Physician Update: AHA Special Edition
Read more articles from our most relevant research presented at the 2021 AHA Scientific Sessions.
Clinical Heart and Vascular Center
Associate Professor of Internal Medicine
Section Chief, Interventional Cardiology
I was honored to represent UT Southwestern at multiple venues during #AHA21. One of the sessions in which I participated discussed the contemporary management of cardiogenic shock. My presentation was on hemodynamic support in this condition, and I delineated my top five fundamental principles on use of such devices for this indication.
As background, the use of mechanical circulatory support (MCS) devices for cardiogenic shock has skyrocketed over the past decade. Interestingly, there appears to be a fivefold variation in the use of Impella across hospitals for comparable patients. The first step of hemodynamic support is to have a thorough understanding of the patient’s shock profile, for which a right heart catheterization is indispensable. Patients with elevated right- and left-sided filling pressures likely have biventricular failure and may have different considerations from those who have low filling pressures and likely have hypovolemic shock. The three goals for patients needing hemodynamic support are maximizing circulatory support, providing ventricular support, and maintaining coronary perfusion. In this regard, the SCAI shock classification is helpful. The timing and choice of MCS (matching MCS to severity of shock) is also critically important; if a patient is sliding into “hemometabolic” shock (shock with metabolic derangements), an intra-aortic balloon pump (IABP) is unlikely to help; early ECMO may be more appropriate in that setting.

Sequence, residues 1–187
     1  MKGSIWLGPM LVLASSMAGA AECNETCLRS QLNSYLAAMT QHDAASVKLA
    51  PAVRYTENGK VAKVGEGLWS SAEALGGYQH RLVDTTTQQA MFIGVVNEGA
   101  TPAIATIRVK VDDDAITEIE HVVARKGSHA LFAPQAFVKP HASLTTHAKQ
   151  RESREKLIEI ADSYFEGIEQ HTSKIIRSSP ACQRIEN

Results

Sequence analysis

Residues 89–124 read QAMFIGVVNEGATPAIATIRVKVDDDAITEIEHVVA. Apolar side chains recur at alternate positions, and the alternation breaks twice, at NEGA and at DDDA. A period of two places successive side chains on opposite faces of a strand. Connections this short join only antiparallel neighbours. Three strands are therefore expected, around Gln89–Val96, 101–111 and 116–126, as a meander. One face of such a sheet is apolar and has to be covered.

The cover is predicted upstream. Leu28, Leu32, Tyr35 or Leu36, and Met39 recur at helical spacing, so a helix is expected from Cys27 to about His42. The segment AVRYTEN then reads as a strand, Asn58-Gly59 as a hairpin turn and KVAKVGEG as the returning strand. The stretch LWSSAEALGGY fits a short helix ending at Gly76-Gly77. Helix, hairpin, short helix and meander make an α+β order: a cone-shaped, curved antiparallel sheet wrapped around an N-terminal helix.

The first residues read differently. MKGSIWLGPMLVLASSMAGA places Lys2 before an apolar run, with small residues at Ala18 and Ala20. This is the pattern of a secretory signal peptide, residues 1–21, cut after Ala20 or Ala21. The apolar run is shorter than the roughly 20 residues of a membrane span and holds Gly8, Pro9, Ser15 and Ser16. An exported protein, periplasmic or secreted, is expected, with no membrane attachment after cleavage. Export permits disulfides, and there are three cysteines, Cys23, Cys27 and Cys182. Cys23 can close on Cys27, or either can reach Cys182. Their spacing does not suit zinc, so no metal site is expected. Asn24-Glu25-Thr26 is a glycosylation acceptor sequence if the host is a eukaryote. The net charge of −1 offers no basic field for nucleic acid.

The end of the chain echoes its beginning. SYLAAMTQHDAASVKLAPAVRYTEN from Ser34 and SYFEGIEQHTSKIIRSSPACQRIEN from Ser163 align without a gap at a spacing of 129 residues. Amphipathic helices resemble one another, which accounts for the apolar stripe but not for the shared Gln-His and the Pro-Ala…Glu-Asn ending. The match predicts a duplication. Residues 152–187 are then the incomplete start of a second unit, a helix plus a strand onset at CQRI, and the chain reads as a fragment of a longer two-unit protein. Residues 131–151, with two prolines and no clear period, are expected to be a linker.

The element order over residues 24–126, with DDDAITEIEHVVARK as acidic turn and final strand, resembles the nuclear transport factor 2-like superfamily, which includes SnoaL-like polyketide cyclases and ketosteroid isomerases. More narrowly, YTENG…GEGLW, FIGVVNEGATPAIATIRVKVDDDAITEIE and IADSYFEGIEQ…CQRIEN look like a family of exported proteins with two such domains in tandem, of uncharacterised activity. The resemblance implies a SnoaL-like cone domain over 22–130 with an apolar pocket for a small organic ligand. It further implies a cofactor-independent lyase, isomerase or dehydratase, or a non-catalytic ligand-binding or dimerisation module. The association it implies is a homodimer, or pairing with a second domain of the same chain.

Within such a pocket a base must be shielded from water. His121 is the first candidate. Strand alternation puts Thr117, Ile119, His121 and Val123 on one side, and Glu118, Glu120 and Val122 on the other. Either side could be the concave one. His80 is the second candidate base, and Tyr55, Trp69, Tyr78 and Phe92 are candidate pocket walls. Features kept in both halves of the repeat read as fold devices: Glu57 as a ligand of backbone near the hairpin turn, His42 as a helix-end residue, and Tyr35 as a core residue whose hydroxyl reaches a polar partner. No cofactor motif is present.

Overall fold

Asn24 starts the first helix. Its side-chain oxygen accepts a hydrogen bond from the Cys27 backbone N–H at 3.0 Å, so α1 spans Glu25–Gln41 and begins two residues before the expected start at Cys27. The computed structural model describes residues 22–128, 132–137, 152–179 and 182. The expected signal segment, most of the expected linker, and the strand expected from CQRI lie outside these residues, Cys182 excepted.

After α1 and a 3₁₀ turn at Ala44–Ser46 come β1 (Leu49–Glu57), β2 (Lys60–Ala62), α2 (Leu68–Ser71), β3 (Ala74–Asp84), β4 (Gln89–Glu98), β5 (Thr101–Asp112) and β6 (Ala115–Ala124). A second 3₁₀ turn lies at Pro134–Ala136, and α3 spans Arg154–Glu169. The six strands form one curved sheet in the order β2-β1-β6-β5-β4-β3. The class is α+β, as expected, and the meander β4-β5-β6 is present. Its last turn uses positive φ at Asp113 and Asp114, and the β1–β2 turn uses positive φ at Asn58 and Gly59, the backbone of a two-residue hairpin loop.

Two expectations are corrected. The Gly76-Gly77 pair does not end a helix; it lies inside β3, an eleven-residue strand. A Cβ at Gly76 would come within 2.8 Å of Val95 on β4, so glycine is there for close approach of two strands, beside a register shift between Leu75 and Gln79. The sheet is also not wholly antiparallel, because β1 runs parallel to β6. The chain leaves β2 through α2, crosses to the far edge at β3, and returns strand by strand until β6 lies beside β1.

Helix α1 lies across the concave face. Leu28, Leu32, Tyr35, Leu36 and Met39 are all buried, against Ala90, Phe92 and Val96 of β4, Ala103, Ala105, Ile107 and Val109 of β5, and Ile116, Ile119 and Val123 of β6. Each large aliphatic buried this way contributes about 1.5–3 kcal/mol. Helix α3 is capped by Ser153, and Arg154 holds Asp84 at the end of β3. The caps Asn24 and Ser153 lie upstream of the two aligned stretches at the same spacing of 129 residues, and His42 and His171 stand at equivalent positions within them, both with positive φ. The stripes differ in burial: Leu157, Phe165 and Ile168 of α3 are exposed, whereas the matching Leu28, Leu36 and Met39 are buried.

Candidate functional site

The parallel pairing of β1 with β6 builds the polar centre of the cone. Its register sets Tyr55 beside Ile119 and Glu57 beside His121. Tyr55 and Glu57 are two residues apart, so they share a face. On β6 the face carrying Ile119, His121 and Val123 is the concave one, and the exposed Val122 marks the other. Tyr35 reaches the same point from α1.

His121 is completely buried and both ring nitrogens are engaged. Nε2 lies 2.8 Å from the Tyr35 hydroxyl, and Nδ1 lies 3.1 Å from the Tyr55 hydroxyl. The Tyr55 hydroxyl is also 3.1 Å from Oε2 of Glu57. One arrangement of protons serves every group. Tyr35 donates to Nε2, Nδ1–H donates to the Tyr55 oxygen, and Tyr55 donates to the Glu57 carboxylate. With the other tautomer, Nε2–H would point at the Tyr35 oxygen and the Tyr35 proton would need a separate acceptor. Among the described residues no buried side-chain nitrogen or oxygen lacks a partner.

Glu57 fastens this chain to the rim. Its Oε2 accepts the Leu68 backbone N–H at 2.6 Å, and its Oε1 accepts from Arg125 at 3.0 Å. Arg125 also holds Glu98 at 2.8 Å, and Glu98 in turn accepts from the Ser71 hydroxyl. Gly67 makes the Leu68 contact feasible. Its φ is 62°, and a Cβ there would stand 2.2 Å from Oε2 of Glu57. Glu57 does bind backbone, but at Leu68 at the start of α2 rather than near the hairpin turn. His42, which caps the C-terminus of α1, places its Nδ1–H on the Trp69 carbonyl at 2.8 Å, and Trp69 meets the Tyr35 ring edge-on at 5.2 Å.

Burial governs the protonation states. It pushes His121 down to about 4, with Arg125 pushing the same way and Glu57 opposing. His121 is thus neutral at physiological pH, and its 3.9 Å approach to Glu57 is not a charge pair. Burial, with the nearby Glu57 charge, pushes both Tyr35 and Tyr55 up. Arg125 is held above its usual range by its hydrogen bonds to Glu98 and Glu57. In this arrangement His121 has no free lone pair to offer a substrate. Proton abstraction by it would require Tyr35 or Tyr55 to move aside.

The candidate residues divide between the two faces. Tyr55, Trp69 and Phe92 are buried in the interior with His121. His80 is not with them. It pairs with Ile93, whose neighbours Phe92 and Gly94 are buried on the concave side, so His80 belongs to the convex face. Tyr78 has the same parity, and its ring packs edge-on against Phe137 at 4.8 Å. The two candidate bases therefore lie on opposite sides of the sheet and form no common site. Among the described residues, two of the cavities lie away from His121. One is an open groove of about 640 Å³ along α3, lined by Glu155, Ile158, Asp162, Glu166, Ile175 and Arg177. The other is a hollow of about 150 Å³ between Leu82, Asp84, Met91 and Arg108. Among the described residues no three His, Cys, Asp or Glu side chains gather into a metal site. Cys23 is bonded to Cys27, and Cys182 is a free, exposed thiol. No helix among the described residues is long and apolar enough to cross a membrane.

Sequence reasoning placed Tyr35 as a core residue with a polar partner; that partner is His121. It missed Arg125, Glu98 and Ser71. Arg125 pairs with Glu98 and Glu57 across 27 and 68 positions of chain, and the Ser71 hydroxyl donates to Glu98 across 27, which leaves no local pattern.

“Observational studies suggest that a shock team approach is associated with higher PA catheter use, more appropriate MCS use (and paradoxically, a lower MCS use overall), and potentially lower mortality.”
It goes without saying that operators should be comfortable with the various devices available to them and understand their limitations and pitfalls. IABP, for instance, has a class III recommendation in the 2018 European guidelines for use in cardiogenic shock complicating myocardial infarction; despite this, however, IABP remains widely used, likely due to its ease and rapidity of deployment and because it gives some operators peace of mind when tackling complex coronary lesions. Similarly, although Impella is widely used, there are no randomized controlled trials that show superior outcomes compared with IABP. Indeed, at least two large observational studies have shown Impella use to be associated with a higher risk of complications including stroke, bleeding, and vascular complications. Mitigating vascular complications to the extent possible is an important skill set for implanting physicians, as is being facile with newer techniques such as axillary access, same-side access for PCI, etc. We also discussed how management of cardiogenic shock is a true team effort, requiring close collaboration between interventional cardiologists, advanced heart failure specialists, cardiac intensivists, and cardiac surgeons. Observational studies suggest that a shock team approach is associated with higher PA catheter use, more appropriate MCS use (and paradoxically, a lower MCS use overall), and potentially lower mortality.
Without doubt, tremendous strides have been made in the management of patients with cardiogenic shock, and this session and my talk highlighted many of the important clinical issues to consider for the use of mechanical circulatory support in this setting.